To evaluate changes in the visual processing of patients with progressive retinitis pigmentosa (RP) who acquired improved reading capability by eye-movement training (EMT), we performed functional magnetic resonance imaging (fMRI) before and after EMT. Six patients with bilateral concentric contraction caused by pigmentary degeneration of the retina and 6 normal volunteers were recruited. Patients were given EMT for 5 min every day for 8-10 months. fMRI data were acquired on a 3.0-Tesla scanner while subjects were performing reading tasks. In separate experiments (before fMRI scanning), visual performances for readings were measured by the number of letters read correctly in 5 min. Before EMT, activation areas of the primary visual cortex of patients were 48.8% of those of the controls. The number of letters read correctly in 5 min was 36.6% of those by the normal volunteers. After EMT, the activation areas of patients were not changed or slightly decreased; however, reading performance increased in 5 of 6 patients, which was 46.6% of that of the normal volunteers (p< 0.05). After EMT, increased activity was observed in the frontal eye fields (FEFs) of all patients; however, increases in the activity of the parietal eye fields (PEFs) were observed only in patients who showed greater improvement in reading capability. The improvement in reading ability of the patients after EMT is regarded as an effect of the increased activity of FEF and PEF, which play important roles in attention and working memory as well as the regulation of eye movements.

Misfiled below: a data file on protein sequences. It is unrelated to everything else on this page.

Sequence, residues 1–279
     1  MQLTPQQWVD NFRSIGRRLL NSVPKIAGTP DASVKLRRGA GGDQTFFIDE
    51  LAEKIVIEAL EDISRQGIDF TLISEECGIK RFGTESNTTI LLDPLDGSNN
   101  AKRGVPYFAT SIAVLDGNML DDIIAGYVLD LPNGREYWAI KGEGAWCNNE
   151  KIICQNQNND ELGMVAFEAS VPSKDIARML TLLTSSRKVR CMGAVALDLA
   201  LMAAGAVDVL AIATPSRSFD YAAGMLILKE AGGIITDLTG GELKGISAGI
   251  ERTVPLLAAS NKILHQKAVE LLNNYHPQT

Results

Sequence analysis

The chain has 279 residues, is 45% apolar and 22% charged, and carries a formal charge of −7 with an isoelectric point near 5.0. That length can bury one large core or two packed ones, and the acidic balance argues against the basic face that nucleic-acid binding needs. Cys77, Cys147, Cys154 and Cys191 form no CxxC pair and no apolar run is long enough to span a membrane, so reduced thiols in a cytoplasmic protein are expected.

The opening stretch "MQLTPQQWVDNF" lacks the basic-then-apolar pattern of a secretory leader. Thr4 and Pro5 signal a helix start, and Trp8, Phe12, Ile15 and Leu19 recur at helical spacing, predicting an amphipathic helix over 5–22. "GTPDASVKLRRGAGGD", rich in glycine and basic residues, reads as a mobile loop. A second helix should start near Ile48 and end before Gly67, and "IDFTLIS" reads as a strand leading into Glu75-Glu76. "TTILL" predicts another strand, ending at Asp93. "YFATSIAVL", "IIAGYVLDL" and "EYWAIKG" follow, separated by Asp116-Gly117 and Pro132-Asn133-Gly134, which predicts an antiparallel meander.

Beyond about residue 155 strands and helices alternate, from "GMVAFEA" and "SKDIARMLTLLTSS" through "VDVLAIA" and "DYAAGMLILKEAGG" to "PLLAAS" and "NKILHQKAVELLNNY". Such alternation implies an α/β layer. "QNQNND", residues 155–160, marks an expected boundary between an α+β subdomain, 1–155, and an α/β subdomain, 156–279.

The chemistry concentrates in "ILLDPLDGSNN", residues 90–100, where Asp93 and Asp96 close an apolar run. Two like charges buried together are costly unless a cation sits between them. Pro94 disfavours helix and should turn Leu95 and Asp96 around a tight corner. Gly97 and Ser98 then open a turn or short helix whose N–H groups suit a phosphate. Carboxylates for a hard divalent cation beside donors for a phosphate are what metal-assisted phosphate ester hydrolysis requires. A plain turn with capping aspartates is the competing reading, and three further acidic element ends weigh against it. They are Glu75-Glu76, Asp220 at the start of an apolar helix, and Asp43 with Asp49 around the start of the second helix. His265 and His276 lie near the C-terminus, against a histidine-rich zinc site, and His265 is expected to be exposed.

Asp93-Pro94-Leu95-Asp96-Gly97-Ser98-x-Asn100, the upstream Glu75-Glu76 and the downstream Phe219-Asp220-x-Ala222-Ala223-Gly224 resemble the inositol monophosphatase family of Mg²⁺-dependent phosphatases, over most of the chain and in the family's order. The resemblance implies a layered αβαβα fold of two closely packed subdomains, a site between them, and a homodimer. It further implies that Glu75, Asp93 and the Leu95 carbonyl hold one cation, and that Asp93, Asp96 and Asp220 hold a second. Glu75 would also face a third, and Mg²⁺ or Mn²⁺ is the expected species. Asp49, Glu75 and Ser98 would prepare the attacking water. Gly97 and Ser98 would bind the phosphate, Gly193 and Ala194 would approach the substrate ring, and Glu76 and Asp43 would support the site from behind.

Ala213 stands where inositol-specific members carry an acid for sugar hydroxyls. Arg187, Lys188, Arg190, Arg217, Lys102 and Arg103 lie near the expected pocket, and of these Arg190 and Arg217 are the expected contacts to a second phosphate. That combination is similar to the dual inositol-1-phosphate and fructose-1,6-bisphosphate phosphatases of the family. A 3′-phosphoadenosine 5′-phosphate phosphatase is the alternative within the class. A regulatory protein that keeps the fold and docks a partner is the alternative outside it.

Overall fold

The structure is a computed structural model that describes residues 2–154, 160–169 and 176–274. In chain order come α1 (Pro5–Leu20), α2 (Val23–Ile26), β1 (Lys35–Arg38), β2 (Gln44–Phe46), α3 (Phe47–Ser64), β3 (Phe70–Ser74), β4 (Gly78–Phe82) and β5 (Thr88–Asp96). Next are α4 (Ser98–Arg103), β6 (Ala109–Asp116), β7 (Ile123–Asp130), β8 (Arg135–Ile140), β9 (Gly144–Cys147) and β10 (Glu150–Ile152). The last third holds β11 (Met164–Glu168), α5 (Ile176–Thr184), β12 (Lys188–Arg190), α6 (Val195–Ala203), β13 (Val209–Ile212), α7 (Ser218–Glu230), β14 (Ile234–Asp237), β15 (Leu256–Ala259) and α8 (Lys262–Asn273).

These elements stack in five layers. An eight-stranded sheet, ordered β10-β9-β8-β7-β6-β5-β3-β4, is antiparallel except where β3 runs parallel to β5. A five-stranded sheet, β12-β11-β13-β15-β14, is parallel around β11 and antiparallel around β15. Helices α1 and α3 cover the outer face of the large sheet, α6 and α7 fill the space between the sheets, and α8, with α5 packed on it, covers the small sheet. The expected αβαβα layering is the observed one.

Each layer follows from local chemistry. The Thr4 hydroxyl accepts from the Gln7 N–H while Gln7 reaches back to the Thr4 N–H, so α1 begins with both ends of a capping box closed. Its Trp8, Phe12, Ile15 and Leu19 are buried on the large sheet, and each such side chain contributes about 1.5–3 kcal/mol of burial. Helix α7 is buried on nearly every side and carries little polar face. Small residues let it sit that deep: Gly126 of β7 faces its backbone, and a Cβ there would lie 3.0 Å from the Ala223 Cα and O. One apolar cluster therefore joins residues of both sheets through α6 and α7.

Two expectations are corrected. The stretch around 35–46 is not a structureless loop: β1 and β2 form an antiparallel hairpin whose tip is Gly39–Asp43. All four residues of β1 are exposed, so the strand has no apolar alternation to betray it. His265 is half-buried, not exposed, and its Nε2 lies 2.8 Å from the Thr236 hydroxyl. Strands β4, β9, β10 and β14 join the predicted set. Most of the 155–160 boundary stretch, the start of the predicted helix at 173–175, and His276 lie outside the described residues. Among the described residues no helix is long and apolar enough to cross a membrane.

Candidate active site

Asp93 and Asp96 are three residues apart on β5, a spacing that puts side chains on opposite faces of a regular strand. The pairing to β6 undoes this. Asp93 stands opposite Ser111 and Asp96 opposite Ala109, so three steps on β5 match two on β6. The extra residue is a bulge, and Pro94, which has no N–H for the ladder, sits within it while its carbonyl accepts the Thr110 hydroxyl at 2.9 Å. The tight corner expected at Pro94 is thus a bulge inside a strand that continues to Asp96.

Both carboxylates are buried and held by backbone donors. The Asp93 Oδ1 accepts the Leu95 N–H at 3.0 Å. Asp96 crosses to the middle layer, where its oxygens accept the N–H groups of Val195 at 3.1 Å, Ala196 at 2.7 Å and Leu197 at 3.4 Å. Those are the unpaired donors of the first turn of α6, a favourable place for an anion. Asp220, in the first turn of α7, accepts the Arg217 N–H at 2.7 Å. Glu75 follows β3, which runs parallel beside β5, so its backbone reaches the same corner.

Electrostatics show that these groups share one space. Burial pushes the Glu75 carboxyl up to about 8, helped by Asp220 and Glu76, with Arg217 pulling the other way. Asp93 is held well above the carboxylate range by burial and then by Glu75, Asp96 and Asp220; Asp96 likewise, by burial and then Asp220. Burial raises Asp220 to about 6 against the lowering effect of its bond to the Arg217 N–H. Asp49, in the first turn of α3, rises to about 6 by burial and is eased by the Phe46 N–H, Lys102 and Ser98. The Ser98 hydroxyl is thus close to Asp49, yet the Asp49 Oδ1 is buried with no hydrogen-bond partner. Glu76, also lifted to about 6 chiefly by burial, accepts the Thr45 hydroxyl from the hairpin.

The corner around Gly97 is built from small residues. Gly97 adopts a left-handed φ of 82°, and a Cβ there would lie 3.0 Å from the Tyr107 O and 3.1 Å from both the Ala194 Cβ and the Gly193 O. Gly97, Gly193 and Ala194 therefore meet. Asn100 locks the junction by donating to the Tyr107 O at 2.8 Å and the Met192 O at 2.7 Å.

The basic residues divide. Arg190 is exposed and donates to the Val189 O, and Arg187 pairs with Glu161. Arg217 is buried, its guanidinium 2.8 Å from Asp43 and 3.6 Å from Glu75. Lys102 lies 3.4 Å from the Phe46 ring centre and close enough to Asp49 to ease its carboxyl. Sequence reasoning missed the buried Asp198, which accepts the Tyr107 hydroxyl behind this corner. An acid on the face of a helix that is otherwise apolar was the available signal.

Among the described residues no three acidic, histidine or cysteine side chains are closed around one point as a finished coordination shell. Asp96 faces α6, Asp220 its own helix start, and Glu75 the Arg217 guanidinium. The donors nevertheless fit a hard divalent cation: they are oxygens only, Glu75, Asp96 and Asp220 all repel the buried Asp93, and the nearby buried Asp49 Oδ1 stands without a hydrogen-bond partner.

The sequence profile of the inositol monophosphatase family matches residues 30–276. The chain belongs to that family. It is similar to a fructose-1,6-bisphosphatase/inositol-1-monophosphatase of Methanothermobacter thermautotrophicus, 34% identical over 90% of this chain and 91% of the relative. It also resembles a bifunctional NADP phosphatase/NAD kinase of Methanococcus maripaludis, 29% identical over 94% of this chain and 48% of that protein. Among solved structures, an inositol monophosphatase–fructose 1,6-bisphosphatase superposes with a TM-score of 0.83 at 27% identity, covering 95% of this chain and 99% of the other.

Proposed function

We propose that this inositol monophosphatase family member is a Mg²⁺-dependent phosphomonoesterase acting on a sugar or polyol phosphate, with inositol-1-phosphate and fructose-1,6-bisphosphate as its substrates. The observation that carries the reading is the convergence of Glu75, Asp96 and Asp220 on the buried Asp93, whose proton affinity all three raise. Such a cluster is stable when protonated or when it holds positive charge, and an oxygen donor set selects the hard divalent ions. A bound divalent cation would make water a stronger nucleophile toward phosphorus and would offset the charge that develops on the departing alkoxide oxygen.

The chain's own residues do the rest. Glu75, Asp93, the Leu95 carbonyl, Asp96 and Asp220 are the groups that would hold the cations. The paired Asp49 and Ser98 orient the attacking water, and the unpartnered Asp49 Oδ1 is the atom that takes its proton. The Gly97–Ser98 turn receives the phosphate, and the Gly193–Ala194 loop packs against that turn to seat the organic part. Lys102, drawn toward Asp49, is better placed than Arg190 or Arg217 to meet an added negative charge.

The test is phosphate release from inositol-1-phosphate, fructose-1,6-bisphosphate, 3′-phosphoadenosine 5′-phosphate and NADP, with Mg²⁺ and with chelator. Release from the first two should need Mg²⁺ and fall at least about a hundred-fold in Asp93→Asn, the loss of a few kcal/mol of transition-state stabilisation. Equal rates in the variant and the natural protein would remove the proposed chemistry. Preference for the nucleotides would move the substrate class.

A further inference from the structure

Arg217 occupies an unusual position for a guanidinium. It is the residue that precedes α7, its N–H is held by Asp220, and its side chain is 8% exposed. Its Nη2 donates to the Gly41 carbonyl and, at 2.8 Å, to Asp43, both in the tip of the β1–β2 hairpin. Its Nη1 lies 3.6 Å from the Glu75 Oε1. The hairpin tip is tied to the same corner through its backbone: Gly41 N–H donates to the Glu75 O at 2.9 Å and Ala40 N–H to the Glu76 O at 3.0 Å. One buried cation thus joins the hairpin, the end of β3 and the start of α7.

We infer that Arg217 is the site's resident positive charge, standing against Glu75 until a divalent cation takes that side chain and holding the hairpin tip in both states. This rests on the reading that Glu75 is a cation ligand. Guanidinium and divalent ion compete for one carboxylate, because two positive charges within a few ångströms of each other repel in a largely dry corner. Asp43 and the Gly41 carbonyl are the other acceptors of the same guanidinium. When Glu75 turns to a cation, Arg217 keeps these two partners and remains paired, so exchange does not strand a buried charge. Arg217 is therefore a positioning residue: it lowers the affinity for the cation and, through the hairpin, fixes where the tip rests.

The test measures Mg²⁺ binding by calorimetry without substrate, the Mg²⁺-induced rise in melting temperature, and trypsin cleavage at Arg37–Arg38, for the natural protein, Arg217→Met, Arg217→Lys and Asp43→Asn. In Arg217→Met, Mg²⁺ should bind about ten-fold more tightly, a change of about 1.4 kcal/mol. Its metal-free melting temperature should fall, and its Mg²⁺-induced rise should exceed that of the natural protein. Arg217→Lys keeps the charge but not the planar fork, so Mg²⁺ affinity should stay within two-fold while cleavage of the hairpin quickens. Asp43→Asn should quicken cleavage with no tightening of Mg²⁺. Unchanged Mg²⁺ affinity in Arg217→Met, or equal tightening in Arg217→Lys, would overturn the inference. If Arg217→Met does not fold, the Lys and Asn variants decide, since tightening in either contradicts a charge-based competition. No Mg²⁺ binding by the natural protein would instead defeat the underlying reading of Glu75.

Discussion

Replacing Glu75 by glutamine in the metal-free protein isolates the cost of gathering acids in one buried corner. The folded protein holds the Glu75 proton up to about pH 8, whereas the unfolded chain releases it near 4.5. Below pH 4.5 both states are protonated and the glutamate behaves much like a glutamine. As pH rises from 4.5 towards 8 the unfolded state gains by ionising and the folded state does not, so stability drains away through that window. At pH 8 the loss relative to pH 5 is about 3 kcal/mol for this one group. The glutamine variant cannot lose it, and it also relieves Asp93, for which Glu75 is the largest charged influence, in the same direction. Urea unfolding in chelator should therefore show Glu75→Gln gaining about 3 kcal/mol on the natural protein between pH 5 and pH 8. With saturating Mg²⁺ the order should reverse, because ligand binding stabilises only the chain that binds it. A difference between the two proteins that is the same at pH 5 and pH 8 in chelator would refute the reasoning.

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Related in: MedlinePlus